From agriculture to handicrafts, Kashmiri products receive GI tag to curb on adulteration

From agriculture to handicrafts, Kashmiri products receive GI tag to curb on adulteration

KD Desk

Srinagar March 02 : In an effort to end adulteration, several products produced in Jammu and Kashmir have received Geographical Indication (GI) tag by the government.

This has boosted the morale of artisans and farmers who otherwise would receive less value of their products in the markets across the world.

World’s most expensive mushrooms Gucchi which are grown in Jammu and Kashmir are set to receive GI tag. “Very soon, Gucchi will be given GI tag so there is no scope of adulteration,” a senior official of Agriculture Department said.

The mushroom, known as ‘Gucchi’ or ‘Morel’, is grown in Doda district Jammu and Kashmir’s Department of Agriculture had filed an application to secure GI protection for Gucchi.

Similarly, Kashmiri handicrafts have also been given GI tag. “Some artisans now place a GI tag on Kashmir’s shawls. Artisans produce Kashmir shawls of pure quality here but there are some people who purchase shawls in other parts and then branded as Kashmiri shawls and cheating with customers. To stop this practice, we place a GI tag on our products,” Mohammad Yunis, a shawl weaver said.

GI tags are indications which identify a product as originating in that territory, where a given quality, reputation or characteristic of the product is essentially attributable to its geographic origin.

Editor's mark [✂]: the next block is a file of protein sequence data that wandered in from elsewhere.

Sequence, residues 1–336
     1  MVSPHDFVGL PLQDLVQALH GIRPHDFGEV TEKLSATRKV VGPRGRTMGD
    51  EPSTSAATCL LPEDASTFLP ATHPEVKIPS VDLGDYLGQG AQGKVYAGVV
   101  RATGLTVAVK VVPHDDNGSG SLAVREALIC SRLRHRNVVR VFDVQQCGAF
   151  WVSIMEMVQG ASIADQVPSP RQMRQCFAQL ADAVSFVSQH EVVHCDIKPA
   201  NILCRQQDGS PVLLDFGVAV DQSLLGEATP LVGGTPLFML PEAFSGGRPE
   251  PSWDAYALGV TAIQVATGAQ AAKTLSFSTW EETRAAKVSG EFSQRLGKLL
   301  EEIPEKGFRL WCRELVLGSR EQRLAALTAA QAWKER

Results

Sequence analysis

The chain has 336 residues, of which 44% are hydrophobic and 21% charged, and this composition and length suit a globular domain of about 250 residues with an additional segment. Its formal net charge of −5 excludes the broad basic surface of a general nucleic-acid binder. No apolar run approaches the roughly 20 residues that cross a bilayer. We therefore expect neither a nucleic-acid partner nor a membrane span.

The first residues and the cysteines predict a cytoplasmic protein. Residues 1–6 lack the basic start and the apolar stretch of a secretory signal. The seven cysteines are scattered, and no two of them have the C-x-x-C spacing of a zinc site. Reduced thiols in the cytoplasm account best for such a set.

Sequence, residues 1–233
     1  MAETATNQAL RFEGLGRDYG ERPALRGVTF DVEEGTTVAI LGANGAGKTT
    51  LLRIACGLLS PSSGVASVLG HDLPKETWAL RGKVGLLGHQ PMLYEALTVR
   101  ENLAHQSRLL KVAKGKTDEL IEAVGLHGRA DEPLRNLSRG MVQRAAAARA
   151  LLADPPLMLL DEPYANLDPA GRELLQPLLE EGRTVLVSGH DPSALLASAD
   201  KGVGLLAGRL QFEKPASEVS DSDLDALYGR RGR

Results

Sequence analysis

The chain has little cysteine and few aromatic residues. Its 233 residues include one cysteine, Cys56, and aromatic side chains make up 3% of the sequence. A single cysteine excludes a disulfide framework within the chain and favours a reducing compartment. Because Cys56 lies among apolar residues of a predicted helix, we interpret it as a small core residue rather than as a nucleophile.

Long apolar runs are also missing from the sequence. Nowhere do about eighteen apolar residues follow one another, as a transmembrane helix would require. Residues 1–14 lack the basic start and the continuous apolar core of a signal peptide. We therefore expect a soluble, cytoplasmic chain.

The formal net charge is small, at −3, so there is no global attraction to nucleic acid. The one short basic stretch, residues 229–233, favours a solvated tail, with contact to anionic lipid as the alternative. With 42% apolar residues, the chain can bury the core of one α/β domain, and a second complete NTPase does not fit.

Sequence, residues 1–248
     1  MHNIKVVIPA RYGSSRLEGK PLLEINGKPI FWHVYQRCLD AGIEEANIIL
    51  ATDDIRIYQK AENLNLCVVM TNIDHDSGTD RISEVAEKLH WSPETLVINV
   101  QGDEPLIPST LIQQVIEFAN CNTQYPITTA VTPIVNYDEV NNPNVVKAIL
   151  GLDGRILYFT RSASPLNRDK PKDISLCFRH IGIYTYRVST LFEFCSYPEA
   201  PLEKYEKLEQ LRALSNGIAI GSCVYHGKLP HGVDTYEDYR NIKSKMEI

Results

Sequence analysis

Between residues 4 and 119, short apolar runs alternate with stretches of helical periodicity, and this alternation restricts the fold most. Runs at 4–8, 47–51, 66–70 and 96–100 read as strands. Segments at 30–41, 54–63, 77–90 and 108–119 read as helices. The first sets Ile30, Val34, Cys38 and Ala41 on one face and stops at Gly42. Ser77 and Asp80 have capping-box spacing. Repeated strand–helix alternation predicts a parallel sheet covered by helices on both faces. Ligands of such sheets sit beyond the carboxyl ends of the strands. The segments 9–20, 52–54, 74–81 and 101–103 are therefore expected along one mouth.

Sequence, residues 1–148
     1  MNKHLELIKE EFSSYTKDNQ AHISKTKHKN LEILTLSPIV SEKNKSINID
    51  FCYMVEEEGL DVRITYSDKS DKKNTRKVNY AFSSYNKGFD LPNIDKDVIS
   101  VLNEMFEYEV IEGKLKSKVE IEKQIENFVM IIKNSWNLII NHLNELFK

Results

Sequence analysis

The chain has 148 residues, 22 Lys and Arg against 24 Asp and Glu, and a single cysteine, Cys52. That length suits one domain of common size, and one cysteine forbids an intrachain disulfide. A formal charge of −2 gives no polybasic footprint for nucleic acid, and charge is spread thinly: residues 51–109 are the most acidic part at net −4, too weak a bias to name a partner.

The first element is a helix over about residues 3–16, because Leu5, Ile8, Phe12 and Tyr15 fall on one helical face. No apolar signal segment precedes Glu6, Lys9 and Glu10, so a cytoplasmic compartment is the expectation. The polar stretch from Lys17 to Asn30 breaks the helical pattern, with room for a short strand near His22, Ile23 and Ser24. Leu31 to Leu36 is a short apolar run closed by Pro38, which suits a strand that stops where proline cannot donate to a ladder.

There are 2.5 lakh people associated with handicrafts including carpets, papier-machie, shawls, wood carving and copper in Kashmir, who are finding it difficult to feed their families.

Kashmir’s handicrafts are famous due to quality and are manmade. Gulf and European countries form a major customer base for Kashmiri carpets and Pashmina shawls. Presently, handicrafts earn around Rs.1700 crores as foreign exchange every year to J&K.

Similarly, Kashmiri saffron was also given a GI tag with the aim to make it illegal for someone outside the valley to make and sell a similar product under the ‘Kashmiri saffron’ name.

“The GI tagging has really helped us. A laboratory has also been set up in Pampore where a proper check is being made only then Kashmiri saffron is being exported with GI tag. The rates of each kilogram have gone up this season from Rs 1.30 lakh in previous years to over Rs 1.80 lakh due to GI tagging,” said Bashir Ahmad, a saffron grower from Pampore.

The Kashmiri saffron is considered the best in the world due to its flavor, colour and aroma.

But the high grade Kashmiri saffron has been hit by adulteration, mixed with the cheaper Iranian variety and being sold across the world. For an ordinary person, it becomes difficult to recognize Kashmiri saffron resulting, its value has degraded.

More than 16,000 families are associated with saffron production in Pampore.

“Everything is being regulated now to stop low quality Iranian saffron which was being sold under the name of Kashmiri saffron,” an official of Agriculture Department said.

Similarly, there is now demand from growers to give GI tag for Kashmiri apple. (KINS)

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